(9) Some draw attention to the argument of William J. Webb in his influential book, Slaves, Women & Homosexuals.5 Webb argues that the Bible establishes trajectories of moral positions, and it is these trajectories that ultimately lead the church to condemn slavery, and ought to lead the church today to egalitarianism. Webb himself advances reasons why he would not allow the same argument to extend to blessing homosexual marriages—but of course that is the line of argument promoted in some circles today. This leads to the curious position that the morality attained centuries after the New Testament is complete and circulating is higher than what God himself gives in the biblical documents. The most robust critique of this position is doubtless the lengthy review article by Wayne Grudem.6 In brief: considerable insight into Christian belief and Christian conduct, in particular what is mandated and what is disputable, is to be gained by following the trajectories within the Scriptures, but that does not justify treating the trajectories beyond the Scriptures as normative, the more so when such trajectories undermine what the Scriptures actually say.

(10) A great deal of this discussion could be construed as a probe into what Christians are allowed to do—or, more cynically, what they can get away with. None of the discussion is meant to be taken that way (see, especially, the fourth point), but so perverse is the human heart that it would be surprising if no one took it that way. Yet surely serious Christians will be asking another series of questions: What will bring glory to God? What will sanctify me? What conduct will enable me to adorn the gospel? What does it mean to take up my cross and follow Jesus? What contributes to preparing me for the new heaven and the new earth? What will contribute to fruitful evangelism? What conduct effervesces in love, faith, joy, and peace? What beliefs and conduct nudge me back toward the cross, and forward to loving God with heart, soul, mind and strength, and my neighbors as myself? Again: What will bring glory to God?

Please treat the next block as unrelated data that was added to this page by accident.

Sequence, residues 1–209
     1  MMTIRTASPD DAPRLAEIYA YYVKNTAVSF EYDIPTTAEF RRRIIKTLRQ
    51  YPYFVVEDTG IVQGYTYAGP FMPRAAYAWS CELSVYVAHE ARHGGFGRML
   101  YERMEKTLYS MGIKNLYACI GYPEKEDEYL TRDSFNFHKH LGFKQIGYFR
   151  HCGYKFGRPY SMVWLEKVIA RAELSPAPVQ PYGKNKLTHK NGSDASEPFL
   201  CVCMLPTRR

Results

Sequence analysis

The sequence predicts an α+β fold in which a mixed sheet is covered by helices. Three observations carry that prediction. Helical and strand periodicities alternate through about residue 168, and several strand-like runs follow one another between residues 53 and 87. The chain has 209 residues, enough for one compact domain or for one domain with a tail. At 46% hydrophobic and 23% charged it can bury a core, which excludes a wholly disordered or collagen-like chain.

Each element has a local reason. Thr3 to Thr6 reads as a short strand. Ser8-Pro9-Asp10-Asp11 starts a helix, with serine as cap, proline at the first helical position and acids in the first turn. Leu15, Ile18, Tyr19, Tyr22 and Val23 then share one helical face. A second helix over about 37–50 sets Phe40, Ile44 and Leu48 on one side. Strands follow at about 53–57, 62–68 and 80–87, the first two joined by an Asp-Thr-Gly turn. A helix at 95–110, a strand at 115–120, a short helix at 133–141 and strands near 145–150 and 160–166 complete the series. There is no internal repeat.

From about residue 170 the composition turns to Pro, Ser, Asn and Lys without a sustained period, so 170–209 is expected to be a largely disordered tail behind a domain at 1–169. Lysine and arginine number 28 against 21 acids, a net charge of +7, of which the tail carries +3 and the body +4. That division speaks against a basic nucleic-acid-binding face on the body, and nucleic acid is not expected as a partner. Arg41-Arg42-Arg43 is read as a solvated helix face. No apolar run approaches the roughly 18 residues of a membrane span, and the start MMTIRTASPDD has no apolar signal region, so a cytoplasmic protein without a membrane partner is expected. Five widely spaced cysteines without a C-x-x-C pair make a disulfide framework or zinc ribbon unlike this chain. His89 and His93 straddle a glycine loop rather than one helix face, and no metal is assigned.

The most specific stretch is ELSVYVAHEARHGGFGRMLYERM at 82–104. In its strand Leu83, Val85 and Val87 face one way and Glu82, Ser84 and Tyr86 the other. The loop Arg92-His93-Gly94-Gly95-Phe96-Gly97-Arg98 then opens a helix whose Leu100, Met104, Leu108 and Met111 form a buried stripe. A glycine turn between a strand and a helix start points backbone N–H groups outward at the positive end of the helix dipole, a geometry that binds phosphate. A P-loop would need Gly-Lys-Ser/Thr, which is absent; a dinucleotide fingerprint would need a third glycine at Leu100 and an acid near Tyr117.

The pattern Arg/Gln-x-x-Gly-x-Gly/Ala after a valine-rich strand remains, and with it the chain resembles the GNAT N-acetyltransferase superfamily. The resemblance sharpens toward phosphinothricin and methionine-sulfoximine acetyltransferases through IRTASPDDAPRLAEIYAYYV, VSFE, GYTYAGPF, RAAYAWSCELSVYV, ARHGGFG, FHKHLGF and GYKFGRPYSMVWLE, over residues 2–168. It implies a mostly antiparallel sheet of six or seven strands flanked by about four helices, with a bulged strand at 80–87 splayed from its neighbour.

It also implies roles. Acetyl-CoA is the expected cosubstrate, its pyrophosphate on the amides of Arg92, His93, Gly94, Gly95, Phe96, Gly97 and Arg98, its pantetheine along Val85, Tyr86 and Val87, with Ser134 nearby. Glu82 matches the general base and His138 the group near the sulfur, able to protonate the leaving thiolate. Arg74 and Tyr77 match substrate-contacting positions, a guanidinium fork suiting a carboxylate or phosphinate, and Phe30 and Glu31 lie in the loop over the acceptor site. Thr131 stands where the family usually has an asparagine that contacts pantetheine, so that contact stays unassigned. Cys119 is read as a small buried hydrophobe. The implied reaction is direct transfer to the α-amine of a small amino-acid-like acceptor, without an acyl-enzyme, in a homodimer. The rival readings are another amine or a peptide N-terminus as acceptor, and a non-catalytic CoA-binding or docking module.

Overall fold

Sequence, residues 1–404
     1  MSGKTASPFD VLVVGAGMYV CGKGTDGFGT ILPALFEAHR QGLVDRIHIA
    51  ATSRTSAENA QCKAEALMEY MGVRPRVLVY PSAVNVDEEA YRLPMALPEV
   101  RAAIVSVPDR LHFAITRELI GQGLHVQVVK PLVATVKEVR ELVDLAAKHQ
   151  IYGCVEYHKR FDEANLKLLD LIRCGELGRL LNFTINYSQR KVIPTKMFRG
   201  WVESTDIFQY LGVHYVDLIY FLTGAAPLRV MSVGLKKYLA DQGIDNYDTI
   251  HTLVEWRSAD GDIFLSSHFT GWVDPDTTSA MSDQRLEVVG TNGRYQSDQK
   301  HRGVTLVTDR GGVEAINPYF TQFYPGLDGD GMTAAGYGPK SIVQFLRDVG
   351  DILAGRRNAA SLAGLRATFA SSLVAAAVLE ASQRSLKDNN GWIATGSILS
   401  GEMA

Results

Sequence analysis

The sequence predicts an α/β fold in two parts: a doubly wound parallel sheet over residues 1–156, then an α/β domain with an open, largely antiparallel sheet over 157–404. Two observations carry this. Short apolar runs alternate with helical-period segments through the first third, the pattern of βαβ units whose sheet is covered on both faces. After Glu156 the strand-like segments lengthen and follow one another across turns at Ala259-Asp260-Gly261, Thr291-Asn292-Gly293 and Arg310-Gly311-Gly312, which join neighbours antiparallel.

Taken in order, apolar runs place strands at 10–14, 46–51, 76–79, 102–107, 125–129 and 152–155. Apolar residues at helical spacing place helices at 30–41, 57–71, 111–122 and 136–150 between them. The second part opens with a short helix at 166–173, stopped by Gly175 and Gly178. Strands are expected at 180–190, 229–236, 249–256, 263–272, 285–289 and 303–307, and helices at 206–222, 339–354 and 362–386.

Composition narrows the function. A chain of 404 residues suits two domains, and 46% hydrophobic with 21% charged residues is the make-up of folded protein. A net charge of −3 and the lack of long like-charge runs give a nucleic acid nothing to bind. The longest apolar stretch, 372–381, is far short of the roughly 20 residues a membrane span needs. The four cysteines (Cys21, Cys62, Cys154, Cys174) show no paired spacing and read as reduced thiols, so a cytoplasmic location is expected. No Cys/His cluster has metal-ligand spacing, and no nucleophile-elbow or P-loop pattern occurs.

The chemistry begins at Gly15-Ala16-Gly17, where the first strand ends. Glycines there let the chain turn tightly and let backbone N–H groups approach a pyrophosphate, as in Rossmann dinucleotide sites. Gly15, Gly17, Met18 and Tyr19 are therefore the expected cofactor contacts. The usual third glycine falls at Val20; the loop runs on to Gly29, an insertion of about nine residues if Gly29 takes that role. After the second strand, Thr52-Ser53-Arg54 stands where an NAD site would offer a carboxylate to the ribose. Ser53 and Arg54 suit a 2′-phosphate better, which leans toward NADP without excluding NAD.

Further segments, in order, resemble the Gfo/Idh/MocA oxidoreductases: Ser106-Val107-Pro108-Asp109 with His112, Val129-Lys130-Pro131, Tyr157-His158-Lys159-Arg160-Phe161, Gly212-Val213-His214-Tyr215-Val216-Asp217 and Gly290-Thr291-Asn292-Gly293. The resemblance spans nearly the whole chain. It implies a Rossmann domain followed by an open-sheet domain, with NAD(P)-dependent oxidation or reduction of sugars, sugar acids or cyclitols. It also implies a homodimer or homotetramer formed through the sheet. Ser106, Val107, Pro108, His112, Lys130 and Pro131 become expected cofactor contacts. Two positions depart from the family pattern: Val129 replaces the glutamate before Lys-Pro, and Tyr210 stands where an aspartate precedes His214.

So suppose a Christian is trying to decide whether to go to a movie that is not only R-rated but has a well-deserved reputation for laughing sleaze. Assessing the choice along the lines of this editorial—whether banning the film is an indisputable obligation of Christian morality or belongs to the adiaphora—is a useful exercise. One might acknowledge, for instance, that some with a “weak” conscience really shouldn’t see it; that those with a “strong” conscience shouldn’t see it if they might influence those with a “weak” conscience; and so forth, as we work our way through the various points. But surely Christians will want to ask a different set of questions: Will watching this film adversely affect my desire for purity, or will it fill my mind with images I don’t want to retain but cannot expunge? What are alternative things that I might be doing? If Jesus were here, would I invite him along? Is there any way in which watching this film glorifies God?

[1] Kevin DeYoung, What Does the Bible Really Teach About Homosexuality? (Wheaton, IL: Crossway, 2015); Robert A. J. Gagnon, The Bible and Homosexual Practice: Texts and Hermeneutics (Nashville: Abingdon, 2001).

[2] On these matters, see Andrew David Naselli and J. D. Crowley, Conscience: What It Is, How to Train It, and Loving Those Who Differ (Wheaton, IL: Crossway, 2016).

[3] See, most recently, the book by Philip S. Ross, From the Finger of God: The Biblical and Theological Basis for the Threefold Division of the Law (Fearn: Mentor, 2010).

[4] E.g., D. A. Carson, “The Tripartite Division of the Law: A Review of Philip Ross, The Finger of God,” in From Creation to New Creation: Biblical Theology and Exegesis: Essays in Honor of G. K. Beale, ed. Daniel M. Gurtner and Benjamin L. Gladd (Peabody, MA: Hendrickson, 2013), 223–36.

[5] William J. Webb, Slaves, Women & Homosexuals: Exploring the Hermeneutics of Cultural Analysis (Downers Grove, IL: InterVarsity Press: 2001).

[6] Wayne A. Grudem, “Review Article: Should We Move Beyond the New Testament to a Better Ethic? An Analysis of William J. Webb, Slaves, Women and Homosexuals: Exploring the Hermeneutics of Cultural Analysis,” JETS 47 (2004): 299–346. See also Benjamin Reaoch, Women, Slaves, and the Gender Debate: A Complementarian Response to the Redemptive-Movement Hermeneutic (Phillipsburg, NJ: Presbyterian & Reformed, 2012).

D. A. Carson

D. A. Carson is emeritus professor of New Testament at Trinity Evangelical Divinity School in Deerfield, Illinois, and cofounder and theologian-at-large of The Gospel Coalition.